Converge exco attended the SAP NOW event in Sandton. A highlight of the conference was the appearance of Sophia https://en.wikipedia.org/wiki/Sophia_(robot). It is impressive and at the same time, quite disturbing to consider the practical consequences of technology that has evolved to the point where we are starting to simulate human behaviour and thinking. Neural networks and machine learning are certainly leaving us with a couple of currently rhetorical, but moral questions.
It was after this event, that our CEO felt inspired to write his monthly newsletter, seen below.
I recently had the privilege of witnessing a live interview with Sophia. It gave me goose bumps to see how in real-time, an Artificially Intelligent construct was able to respond in natural language, to questions not only in a coherent manner, but with what I dare call “innovative thinking” and even humour.
A week later someone showed me part of a TV show where parents need to predict what their children would do in unsupervised environments. At some point during the show, the children were confronted with the topic of temptation. Strangely, the temptation came in the form of a little robot that would try and convince the children to take something without asking. In several of the cases, the children at first responded in the negative, knowing that it would be wrong. A minute or two later, the children proceeded to indulge in the “forbidden” cupcakes. When asked later why they did it, their responses were all the same: “The robot said I should.”
This fuelled the discomfort that was still lodged somewhere between awe and concern after witnessing Sophia dance through the interview with unintimidated ease and grace.
We have for centuries, perfected the art of judging one another, which has time and again, led to genocide, even though in truth, we were called to love, not judge. Now that we seem to have perfected this skill, it makes sense that the next logical venture on the “god-curve” (a term I heard someone used recently) would be to create something “in our own image”.
I find myself in-between two minds. On the one hand, I marvel at the limitless imagination of the human mind and our ability to create things that defy logic. On the other hand, I am confronted with a deep and profound sadness and fear at our ability to consciously sidestep the moral consequences of our actions. I also question whether we have thoroughly considered the unintended consequences of our progressive pioneering. In a world where already, we suffer from “human anorexia” where we are seldom fully present in the moment – due to our digital omnipresence – it doesn’t seem out-worldly that in a not-too-distant future, people would have the ability to choose an AI partner over a human partner – one that can be programmed and re-programmed to behave exactly in accordance with your every wish; the dawn of a 21st century slave trade…only I am not 100% sure who is the master and who is the slave.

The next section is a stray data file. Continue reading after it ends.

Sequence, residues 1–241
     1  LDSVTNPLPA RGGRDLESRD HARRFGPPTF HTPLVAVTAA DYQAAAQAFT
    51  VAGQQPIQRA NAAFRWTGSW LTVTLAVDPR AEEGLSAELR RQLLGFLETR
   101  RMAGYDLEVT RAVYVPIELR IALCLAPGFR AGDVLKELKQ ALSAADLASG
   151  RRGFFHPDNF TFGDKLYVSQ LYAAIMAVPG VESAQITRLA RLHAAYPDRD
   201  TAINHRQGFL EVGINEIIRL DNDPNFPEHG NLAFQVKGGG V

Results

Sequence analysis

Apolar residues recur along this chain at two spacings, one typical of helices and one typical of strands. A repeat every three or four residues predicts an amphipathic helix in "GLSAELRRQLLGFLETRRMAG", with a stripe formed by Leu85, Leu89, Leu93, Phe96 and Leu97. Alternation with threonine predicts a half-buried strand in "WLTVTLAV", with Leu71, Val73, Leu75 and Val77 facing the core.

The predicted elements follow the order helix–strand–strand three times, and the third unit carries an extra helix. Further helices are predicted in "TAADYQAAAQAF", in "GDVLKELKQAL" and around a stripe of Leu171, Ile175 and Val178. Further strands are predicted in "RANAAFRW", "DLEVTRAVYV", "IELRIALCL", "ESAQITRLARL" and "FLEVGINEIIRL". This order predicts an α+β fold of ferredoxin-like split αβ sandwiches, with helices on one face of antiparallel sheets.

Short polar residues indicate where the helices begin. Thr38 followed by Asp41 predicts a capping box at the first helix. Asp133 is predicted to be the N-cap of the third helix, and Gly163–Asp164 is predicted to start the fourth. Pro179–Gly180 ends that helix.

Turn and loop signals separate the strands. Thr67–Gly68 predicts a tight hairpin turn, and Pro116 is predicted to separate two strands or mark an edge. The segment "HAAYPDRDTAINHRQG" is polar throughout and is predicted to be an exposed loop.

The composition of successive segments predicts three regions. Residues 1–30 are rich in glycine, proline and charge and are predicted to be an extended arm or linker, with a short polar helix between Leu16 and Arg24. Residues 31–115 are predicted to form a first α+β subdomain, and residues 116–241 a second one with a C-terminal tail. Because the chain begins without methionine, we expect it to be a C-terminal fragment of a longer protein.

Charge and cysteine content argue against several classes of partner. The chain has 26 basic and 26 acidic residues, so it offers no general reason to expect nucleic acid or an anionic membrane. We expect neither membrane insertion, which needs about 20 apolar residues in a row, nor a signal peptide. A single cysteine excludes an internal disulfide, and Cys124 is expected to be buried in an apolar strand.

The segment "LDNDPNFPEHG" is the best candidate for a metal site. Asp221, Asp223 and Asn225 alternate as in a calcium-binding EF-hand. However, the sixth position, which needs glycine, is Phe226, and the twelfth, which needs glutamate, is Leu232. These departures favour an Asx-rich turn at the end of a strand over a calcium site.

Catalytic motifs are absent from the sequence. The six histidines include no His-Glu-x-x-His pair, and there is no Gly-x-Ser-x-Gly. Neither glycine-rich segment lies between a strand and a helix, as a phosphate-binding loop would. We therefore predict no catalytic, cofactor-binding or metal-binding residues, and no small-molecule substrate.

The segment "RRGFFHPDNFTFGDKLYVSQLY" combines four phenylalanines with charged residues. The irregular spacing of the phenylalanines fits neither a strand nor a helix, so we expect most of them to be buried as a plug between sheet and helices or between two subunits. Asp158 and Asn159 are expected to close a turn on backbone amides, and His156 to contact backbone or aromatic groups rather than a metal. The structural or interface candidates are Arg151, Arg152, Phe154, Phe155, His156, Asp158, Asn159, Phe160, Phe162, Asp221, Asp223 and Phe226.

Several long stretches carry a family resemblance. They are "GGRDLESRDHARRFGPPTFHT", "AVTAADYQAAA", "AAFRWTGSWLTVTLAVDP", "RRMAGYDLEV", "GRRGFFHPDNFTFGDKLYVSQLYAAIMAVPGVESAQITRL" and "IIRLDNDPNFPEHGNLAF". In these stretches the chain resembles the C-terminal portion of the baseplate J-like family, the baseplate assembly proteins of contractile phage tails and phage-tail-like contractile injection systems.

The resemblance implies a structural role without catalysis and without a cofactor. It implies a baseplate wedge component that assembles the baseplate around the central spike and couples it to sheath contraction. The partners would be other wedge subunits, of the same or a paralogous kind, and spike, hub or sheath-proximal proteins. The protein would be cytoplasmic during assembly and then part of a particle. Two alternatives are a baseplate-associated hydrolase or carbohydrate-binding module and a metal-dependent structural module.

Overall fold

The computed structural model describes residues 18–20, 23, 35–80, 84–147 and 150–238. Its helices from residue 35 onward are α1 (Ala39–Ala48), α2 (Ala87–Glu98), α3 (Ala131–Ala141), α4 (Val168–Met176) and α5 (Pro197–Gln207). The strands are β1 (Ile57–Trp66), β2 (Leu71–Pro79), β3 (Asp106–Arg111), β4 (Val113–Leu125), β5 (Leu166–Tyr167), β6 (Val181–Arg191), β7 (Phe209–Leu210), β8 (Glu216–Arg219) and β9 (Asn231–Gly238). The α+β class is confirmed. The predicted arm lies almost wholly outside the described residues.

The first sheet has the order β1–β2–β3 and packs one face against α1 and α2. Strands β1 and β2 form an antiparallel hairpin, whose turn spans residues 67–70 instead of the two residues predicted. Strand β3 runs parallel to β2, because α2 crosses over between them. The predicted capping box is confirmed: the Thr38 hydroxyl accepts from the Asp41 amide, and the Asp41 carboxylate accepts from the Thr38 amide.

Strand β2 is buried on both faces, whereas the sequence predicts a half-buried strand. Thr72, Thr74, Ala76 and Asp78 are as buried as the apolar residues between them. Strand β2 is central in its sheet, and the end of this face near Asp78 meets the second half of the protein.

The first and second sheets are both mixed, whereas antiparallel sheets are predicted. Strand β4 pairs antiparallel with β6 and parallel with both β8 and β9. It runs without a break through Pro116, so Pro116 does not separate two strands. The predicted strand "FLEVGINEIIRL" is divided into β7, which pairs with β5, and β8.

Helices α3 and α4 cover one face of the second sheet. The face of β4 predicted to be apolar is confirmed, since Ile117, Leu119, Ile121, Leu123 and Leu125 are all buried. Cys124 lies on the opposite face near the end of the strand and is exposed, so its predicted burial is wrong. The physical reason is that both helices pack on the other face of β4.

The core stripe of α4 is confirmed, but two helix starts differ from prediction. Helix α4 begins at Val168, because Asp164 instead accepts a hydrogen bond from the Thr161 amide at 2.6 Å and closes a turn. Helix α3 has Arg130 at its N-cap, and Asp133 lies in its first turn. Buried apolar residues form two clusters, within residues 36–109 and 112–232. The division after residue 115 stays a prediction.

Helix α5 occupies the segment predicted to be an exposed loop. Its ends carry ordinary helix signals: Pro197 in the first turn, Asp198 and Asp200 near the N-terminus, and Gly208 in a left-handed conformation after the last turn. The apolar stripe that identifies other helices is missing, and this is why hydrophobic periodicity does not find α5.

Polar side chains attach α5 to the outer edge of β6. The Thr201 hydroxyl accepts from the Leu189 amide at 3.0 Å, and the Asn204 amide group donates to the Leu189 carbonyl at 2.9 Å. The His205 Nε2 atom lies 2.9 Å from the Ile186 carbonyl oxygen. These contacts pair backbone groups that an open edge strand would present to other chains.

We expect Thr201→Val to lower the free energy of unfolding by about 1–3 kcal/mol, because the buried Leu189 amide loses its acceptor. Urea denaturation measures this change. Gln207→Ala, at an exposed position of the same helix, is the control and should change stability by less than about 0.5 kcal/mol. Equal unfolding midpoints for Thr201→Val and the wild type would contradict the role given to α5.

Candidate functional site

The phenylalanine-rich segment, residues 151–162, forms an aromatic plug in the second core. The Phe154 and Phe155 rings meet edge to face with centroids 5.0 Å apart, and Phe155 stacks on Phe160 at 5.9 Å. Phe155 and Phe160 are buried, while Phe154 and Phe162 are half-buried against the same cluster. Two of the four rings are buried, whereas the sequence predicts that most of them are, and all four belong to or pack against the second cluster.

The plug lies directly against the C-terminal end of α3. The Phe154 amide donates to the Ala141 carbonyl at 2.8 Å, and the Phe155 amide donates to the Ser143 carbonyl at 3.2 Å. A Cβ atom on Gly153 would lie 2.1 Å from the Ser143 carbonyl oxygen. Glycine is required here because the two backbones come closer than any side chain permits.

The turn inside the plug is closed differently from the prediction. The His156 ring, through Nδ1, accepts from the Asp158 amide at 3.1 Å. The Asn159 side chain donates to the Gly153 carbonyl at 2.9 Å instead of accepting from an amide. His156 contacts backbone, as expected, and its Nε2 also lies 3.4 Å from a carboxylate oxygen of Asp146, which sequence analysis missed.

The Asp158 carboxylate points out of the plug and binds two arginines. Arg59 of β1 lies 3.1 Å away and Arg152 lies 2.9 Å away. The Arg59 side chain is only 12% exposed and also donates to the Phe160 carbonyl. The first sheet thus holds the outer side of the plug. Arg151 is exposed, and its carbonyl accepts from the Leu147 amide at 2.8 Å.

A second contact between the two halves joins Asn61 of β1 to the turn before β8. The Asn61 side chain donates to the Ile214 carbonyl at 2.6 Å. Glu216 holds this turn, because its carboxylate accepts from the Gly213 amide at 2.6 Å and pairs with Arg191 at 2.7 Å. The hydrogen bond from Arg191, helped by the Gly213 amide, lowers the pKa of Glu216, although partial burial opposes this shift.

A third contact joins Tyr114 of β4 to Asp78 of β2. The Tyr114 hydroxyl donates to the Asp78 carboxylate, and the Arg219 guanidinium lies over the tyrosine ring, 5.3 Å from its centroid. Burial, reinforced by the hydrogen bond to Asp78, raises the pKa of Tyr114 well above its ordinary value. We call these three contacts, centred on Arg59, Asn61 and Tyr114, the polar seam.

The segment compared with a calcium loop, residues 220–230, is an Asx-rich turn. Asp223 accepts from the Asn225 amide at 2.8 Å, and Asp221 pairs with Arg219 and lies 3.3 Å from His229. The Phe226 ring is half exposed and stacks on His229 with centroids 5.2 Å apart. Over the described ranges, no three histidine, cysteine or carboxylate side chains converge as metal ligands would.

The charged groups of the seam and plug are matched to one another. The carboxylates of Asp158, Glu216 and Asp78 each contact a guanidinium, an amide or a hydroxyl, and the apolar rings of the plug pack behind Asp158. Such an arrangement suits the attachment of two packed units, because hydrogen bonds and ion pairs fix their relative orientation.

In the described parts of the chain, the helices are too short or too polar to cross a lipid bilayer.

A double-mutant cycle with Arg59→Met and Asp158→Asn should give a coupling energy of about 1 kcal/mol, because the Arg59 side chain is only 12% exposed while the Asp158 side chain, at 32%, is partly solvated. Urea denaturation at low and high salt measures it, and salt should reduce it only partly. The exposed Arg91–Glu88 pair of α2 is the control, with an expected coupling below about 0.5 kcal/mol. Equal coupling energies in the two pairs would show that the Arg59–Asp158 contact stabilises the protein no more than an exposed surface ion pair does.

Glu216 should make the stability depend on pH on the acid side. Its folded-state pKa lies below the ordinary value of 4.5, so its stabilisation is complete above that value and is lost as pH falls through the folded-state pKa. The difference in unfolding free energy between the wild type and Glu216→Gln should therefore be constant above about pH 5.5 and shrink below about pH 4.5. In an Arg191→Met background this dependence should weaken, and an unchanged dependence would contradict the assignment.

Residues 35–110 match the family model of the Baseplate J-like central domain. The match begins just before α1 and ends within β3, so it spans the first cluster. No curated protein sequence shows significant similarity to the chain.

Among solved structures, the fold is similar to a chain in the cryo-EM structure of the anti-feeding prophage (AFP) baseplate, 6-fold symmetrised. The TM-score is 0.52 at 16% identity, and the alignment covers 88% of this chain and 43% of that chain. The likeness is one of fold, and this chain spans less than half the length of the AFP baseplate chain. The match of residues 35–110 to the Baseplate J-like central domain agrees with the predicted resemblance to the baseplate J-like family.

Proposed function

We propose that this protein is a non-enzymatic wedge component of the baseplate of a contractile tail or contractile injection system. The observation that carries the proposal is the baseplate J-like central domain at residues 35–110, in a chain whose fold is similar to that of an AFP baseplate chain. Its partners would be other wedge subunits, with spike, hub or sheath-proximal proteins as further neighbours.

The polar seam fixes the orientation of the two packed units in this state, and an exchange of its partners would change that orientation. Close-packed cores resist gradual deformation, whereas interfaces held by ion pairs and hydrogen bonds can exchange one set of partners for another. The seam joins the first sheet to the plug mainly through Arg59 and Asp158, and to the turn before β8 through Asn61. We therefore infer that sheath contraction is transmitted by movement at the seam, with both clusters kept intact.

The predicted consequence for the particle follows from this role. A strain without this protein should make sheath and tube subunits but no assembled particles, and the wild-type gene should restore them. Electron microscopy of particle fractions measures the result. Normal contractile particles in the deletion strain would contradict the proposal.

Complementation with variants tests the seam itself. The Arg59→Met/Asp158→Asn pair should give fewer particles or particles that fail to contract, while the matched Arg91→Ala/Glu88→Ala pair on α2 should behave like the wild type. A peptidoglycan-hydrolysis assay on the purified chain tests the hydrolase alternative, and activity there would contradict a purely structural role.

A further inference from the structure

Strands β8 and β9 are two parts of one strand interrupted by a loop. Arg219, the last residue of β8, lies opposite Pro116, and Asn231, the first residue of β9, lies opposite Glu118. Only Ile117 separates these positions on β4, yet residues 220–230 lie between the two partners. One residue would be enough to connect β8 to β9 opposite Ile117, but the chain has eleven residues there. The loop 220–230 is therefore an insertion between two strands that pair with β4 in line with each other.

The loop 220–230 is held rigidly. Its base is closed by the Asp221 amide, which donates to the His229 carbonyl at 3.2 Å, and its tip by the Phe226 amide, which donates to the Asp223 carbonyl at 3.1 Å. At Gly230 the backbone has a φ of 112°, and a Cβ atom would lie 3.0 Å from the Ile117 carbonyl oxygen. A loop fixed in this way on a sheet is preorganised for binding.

I perpetuate through questions that may not have an immediate answer, but that certainly warrants thought. What is the opportunity cost of our progress? When is it no longer we who are making the decisions? Do we trust that through a series of “if..then..else” statements, we are able to mimic human morals? Who determines what those morals are? Am I satisfied that my child can indemnify themselves on the back of an instruction from an AI construct?
I am all for progress and the adoption of technology. I believe without question that in business as in life, the adoption of technology is pivotal and unavoidable. We have however, witnessed how human innovation (such as the splitting of the atom) can be abused. I believe therefore, that in every such radical venture, it would be irresponsible not to simultaneously, challenge ourselves to explore the unintended and the moral consequences, not to stop progress, but to progress mindfully.